A very different example of the diversity of the JETS initiative this year is “The Wall Dog.” Stop-frame animation specialist and screenwriter Josephine Lohoar Self, who is now set to direct a feature-length film for the first time, is from Ireland but has lived in Berlin since 2019, which she liked so much on a vacation trip that she stayed right there. “The Wall Dog,” about an East Berlin guard and his four-legged friends bound to absolute obedience, is her homage to the reunited ex-Wall City. She is very fond of showing animal puppets in stop frame animation: With short films such as “Günther Falls in Love” (2020) and “The Fabric of You” (on the Oscar longlist for the Academy Awards in 2021), she has already been able to give samples of her creativity. Now “The Wall Dog” is set to cause a sensation. The material about Germany’s recent past poses moral questions that also concern us today: Ronald Fischer, a shy 20-year-old East German farm boy, is drafted into military service. In order to return to the farm unscathed, he decides to specialise as a dog handler, whose job is to feed and care for the guard dogs stationed at the Berlin Wall. The young man soon befriends a small group of dog handlers who help him break out of his shell and overcome the challenges of life at the Wall. But as events begin to transpire, and not just in the barracks, Ronald’s belief in his purpose on the border quickly begins to unravel, and he must decide whether or not to take a stand….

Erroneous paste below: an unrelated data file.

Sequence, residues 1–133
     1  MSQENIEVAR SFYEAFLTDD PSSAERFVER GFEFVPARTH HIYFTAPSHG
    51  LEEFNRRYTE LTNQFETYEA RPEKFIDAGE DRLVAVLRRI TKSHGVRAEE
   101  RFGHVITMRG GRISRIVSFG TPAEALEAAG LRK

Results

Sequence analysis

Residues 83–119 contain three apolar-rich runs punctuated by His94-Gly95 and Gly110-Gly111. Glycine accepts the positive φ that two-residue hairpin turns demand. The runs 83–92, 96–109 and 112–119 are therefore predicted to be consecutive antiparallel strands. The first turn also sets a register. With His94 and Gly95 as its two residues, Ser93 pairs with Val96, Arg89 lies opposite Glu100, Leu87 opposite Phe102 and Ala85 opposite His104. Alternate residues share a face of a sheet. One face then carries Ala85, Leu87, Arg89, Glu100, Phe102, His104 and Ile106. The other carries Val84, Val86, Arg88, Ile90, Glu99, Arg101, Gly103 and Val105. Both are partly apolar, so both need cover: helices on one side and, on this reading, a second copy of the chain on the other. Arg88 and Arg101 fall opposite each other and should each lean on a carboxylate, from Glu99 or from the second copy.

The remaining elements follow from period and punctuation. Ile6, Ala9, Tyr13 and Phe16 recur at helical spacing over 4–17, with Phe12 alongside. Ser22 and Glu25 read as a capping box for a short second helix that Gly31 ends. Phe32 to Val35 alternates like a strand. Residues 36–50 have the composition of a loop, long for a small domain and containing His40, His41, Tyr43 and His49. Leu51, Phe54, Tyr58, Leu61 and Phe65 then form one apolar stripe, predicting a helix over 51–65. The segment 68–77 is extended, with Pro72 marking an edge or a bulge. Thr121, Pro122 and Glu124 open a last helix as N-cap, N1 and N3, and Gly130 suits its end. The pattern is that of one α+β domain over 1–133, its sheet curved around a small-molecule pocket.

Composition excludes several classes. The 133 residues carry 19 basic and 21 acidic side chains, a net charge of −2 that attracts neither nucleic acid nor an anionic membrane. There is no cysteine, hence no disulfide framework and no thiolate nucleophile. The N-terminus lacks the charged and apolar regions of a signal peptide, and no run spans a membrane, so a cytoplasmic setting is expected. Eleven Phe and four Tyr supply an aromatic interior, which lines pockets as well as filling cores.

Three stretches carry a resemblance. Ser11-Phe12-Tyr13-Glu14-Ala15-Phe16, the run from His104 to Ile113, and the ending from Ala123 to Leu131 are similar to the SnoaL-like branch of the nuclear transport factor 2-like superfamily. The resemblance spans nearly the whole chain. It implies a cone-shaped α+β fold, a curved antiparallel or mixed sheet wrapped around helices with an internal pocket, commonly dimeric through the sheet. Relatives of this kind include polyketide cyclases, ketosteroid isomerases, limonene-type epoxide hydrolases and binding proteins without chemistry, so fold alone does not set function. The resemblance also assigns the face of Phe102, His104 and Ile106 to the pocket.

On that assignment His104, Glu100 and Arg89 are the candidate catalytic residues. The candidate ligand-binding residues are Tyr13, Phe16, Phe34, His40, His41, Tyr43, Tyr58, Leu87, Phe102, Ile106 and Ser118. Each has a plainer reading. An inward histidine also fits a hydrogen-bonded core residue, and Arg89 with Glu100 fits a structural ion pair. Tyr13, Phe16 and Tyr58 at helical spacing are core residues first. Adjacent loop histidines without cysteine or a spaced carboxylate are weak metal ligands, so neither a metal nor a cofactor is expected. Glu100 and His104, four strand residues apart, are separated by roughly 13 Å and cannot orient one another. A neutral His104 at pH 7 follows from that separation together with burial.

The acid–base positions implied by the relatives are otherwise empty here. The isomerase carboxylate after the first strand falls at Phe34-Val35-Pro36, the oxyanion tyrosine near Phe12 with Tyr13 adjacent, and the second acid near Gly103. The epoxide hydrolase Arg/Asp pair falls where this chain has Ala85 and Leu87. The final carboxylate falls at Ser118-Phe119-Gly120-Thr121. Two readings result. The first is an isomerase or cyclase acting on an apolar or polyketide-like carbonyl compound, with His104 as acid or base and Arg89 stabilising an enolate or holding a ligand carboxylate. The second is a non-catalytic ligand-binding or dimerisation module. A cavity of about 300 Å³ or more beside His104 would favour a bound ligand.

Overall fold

Josephine Lohoar Self sees her chance in the old-fashioned charm of the stop-frame animation technique. In England, this already has a great tradition. Think of “Wallace and Gromit” (1989 – 2010), which delighted young and old with short films, movies and a BBC series. Here, the characters were modeled from plasticine on wire frames and animated using the stop-motion technique. This process is also known as “claymation.” With Josephine, who now also wants to bring Ireland to the forefront in this area, there are also lots of hair and fur parts and, of course, tailor-made costumes.